As we’re drawing to a close of the calendar year, it is time to look back and revisit what 2018 has brought to the mobile space. Unlike the PC industry, the mobile space follows a quite unrelenting and precise release schedule – meaning that we’re guaranteed new products every year: This can be a double-edged sword for new flagship mobile devices, as new technologies can be either ready at the leading edge of a new product cycle – or in the worst case they can miss the current generation altogether by a few months and have to be relegated to the next generation. Overall, smartphone companies have an incredibly complex task at hand in attempting to deliver products that not only represent an improvement to last year’s devices, but also to be able to distinguish themselves from the current competition. In this piece, we’ll have a closer look at the distinguishing trends of 2018 and how major players have executed their strategies this cycle.

How 2018 Will Be Remembered: Major Smartphone Camera Leaps

If I were to be asked what 2018’s flagship smartphones most defining characteristic would be, then I’d say their cameras. Essentially every vendor in 2018 has made significant leaps in terms of their camera performance, improving quality and adding new features. This year more than ever, we saw a significant amount of products make the camera their key selling point.

Starting off early in the year, Samsung lead the way with the release of the Galaxy S9. The S9’s camera on paper wasn’t too unusual, apart from the fact that the main camera module employed a new innovative dual-aperture mechanism. Samsung’s gains here were defined by sheer improvements of the camera hardware: The new sensor along with the new lens mechanism had raised the bar in terms of overall detail and sharpness, an aspect of the camera in which Samsung still maintains top marks up till today.

Another player whose camera improvements can be attributed to significant hardware leaps is Apple. The new iPhone XS and XR’s new camera module saw a major improvements in the sensor, with new larger pixels as well as a notably improved DTI implementation. The combination of great hardware and robust and consistent software processing made the new iPhone XS one of the best cameras of 2018.

The Year Where Camera Software Outshone Camera Hardware

Although Samsung’s and Apple’s camera improvements were significant – it was more or less an expected result of the newer generation hardware. While the hardware advances this year were solid, nothing left a quite an as quite as lasting impression as Huawei’s new computational photography on the P20 Pro and Mate 20 Pro.

Click for full image
Mate 20Pro   ] - P20Pro    ] - [ Pixel 3
 [ iPhone XS ]  - [ S9+ ] - [ LG G7 ] - [ OnePlus 6

Night mode on Huawei devices was something that was part of the company’s camera experience for a couple of years now – but it required use of a tripod to be able to get good results. The introduction of a new revamped hand-held Night Mode on the P20 Pro sparked a new era of true computational photography, achieving new levels of low-light performance that in the past would have been hard to imagine on a smartphone.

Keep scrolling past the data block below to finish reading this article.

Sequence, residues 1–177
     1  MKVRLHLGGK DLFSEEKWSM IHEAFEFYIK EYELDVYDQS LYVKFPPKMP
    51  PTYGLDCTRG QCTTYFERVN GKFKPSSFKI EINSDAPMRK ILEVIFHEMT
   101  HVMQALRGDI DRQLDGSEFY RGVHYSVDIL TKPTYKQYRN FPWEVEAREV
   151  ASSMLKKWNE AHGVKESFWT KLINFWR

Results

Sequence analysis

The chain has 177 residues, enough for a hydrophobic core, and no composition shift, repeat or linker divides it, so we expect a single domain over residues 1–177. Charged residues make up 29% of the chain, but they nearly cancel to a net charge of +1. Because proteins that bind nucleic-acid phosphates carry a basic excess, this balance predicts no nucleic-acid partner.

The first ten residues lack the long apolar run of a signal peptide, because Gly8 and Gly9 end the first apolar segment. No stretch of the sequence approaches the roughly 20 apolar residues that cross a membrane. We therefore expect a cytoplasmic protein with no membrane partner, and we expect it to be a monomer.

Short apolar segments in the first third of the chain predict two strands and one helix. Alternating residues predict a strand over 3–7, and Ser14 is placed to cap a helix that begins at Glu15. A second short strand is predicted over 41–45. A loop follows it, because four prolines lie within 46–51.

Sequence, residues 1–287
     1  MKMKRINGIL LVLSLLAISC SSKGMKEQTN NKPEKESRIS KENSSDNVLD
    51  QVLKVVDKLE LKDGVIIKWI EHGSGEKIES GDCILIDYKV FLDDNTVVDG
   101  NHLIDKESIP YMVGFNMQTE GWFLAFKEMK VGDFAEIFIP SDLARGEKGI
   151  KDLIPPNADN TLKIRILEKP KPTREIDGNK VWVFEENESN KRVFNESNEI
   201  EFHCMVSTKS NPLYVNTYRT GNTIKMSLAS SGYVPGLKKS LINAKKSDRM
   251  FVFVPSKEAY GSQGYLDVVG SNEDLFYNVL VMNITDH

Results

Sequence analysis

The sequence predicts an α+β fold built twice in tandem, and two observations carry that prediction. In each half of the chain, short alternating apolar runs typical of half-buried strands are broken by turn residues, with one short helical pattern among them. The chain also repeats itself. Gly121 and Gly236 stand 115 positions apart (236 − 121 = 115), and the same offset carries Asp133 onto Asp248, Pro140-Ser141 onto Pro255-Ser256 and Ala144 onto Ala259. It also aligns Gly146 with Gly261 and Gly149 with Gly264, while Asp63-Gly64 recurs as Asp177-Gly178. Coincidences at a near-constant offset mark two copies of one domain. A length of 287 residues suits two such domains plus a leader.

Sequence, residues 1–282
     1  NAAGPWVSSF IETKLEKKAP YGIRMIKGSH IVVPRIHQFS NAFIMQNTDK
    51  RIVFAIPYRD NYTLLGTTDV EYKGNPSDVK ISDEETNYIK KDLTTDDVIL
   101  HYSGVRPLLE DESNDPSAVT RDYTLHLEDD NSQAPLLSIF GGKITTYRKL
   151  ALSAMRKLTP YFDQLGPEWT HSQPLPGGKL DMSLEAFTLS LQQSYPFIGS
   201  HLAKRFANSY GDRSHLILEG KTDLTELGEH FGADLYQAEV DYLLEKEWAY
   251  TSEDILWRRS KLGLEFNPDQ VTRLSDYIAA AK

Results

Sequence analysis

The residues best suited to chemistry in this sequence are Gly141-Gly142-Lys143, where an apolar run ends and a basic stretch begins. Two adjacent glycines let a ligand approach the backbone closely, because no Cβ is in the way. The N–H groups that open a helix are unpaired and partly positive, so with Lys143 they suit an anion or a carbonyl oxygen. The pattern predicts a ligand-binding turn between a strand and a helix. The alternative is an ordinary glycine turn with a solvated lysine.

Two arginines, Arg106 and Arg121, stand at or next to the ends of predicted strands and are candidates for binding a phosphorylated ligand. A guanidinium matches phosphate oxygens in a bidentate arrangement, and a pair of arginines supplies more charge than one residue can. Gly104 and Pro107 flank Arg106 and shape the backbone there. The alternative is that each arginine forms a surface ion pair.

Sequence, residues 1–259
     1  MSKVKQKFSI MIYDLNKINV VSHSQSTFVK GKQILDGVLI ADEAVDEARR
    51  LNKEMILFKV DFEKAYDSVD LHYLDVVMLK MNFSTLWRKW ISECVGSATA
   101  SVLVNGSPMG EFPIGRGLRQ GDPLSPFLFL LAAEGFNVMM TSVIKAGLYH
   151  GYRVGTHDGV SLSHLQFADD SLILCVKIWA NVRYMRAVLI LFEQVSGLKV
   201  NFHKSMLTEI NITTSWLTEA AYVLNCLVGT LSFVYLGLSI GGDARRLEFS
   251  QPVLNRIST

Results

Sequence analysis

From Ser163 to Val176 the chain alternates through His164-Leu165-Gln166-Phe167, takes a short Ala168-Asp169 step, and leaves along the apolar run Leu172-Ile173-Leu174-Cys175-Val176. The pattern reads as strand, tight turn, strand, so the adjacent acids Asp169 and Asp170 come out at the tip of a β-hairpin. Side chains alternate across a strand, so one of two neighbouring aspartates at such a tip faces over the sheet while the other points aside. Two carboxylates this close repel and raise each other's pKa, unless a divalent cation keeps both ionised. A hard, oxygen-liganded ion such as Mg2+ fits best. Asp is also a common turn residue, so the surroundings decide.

It’s only been recently, and almost half a year later that other companies followed suit: Most notable was Google’s “Night Sight” mode that was announced along the Pixel 3, with the feature also coming to the Pixel 2 and original Pixel. Here Google was able to one-up Huawei in terms of the low-light processing prowess.

I do think Huawei deserves a lot of credit for being a pioneer in terms of its use of computational photography: We’ve seen already many companies such as OnePlus and Xiaomi release new models and new camera software updates which bring night mode implementations of their own. I really do expect this feature to be a key checkmark item for smartphone vendors in 2019, with essentially all other major vendors following suit with new custom implementations.

The More Cameras the Merrier?

Another big trend by which 2018 smartphones will be remembered by, is the increasing amount of cameras on a smartphone. This year in particular has been pretty much the year in which having a telephoto module on your smartphone has become a mainstream feature. There’s still exceptions to this, particularly the smaller S9 from Samsung, along with Google’s Pixel phones. Vendors who don’t have a telephoto module per se, do still offer some added functionality with a second sensor; LG continued with its use of a wide-angle lens in the G7, while vendors such as OnePlus advertise the second sensor as being used for depth information.

In the last months of 2018 we saw the increase in camera modules go quite in the extreme: Instead of having to choose between either a telephoto or a wide-angle module, vendors such as Huawei, LG and Samsung have now started offering the trifecta of rear-camera configurations. Huawei’s introduction of a wide-angle module in the new Mate 20 and Mate 20 Pro make for a great addition to the capture experience, and we now finally see an alternative to LG in terms of seeing another major device offering the feature. Conversely, we also saw LG going the three-camera route in the new V40, adding for the first time a telephoto module in its new flagship. Much like the “night mode”, I expect the camera trifecta to be a key checkmark feature for flagship devices in 2019.

How 2018 Will Also Be Remembered: The Display Notch and its Repercussions

Apple’s 2017 iPhone X was the phone that pretty much “popularised” the display notch. While Apple wasn’t exactly the first company to introduce this, it paved the way for other companies to introduce designs that, wouldn’t it have been for the iPhone X, maybe wouldn’t have come to market with the designs that they did end up with.

Now I personally never really felt all that strongly about display notches for most of 2018: It was just something that I acknowledged to be there, but otherwise wasn’t neither a big positive nor negative for the phones. Huawei’s, LG’s and OnePlus’s first implementations this summer all worked quite seamlessly, and all of them allowed for “blacking out” the notch ears if one so wished.


Mate 20 Pro and Mate 20